MEMBER OF THE STATE ASSEMBLY, ATLANTA, GA. I am happy to have been invited to speak before you this morning about my concerns and hopes for the achievement of equal educational opportunity in this country. The attainment of equal educational opportunity is one of the main goals of minority citizens throughout this country, and black people have gone through decades of struggle and sacrifice to reach this goal. As a black southerner and as a state representative of the people of Georgia, I find myself deeply involved with the issue of school integration, and greatly concerned with the immediate crisis of quality education for all children.
BLACK FRUSTRATION AND SKEPTICISM After sixteen years of recalcitrance, intimidation, and illegal discriminatory operation, most schools of my state and all states throughout the South are finally integrating this fall. But the bitterness of the sixteen year wait, the begrudging resignation of many state officials, parents, and students, and the lack of national and state leadership in this area, cause me to be skeptical about how much real integration is going to take place. My concern is for the atmosphere and environment for integration in the country as a whole and the South particularly, and my judgment right now is that in the context of current political and social events, the people of this country are not facing up to the challenge of this fall. Indeed, I am not convinced that national and state leaders view the challenge as a positive one-one which will bring about the improvement of educational quality and opportunity for all children. At the national level, for example, enforcing school desegregation laws solely out of respect for a greater ideal of law and order, but not setting any tone for constructive change, really amounts to a "benign neglect" of the issue at hand. Therefore, without some kind of greater, widespread positive effort, the massive integration expected this fall will be nothing more than a fraud perpetrated under a guise of paper compliance.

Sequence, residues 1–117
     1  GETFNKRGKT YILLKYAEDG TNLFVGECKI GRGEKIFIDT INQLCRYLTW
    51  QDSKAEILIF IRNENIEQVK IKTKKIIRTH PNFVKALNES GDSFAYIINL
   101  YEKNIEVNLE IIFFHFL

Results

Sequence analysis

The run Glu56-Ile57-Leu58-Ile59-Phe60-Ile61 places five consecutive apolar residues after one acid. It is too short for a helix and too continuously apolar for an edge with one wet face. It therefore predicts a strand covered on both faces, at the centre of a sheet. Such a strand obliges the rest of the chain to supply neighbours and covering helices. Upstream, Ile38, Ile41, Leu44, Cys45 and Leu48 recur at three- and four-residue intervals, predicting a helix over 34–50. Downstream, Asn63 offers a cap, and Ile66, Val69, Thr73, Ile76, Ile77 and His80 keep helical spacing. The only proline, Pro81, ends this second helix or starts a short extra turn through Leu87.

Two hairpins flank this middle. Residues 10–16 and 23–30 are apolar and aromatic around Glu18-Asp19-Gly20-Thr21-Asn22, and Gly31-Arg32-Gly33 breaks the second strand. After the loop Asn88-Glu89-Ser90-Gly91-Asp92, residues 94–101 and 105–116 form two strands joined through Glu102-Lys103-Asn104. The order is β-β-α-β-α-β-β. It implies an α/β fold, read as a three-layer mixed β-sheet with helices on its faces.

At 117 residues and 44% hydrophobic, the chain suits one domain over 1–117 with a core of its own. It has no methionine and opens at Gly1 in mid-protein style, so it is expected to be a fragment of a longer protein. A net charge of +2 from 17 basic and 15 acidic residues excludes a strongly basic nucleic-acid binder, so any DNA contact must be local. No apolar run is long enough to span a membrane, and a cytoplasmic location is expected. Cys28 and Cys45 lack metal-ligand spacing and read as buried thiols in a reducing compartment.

BLACKS: BELIEF IN INTEGRATION One thing I want to make clear is that black people in the South want and are going to fight for integrated quality education. Parents deprived of decent education themselves are no longer going to allow their children to spend twelve years in school only to graduate with an eighth grade reading level and little chance for economic and social stability. Many whites these days seem to feel that they can speak for black people of the country and find themselves articulating better than blacks the desire for black separatism in our schools. Well, they are not reading black people correctly. Black students, parents, and teachers have sacrificed their lives and careers and have endured great hardships to win integrated education, and the number of people active in this struggle has increased every year. Those black kids whose lives were greatly threatened in Lamar, South Carolina did not go back to their black school, but got back on those buses and rode again through that hostile environment to their integrated school.
Faced with incredibly hostile reactions, black people have continued to support the goal of integrated education for a variety of obvious reasons the overwhelming educational evidence supporting the improved performance of minority students in integrated classrooms; a desire for overall improvement in the educational system which can most effectively be changed by attacking a unitary rather than dual system; the realization that survival of this country demands interracial justice, equality, and acceptance; and most importantly, the well-learned fact that the white power structure puts its resources where its white kids are. This is done without regard for constitutional guarantees of equal protection and with no fear of reprisal.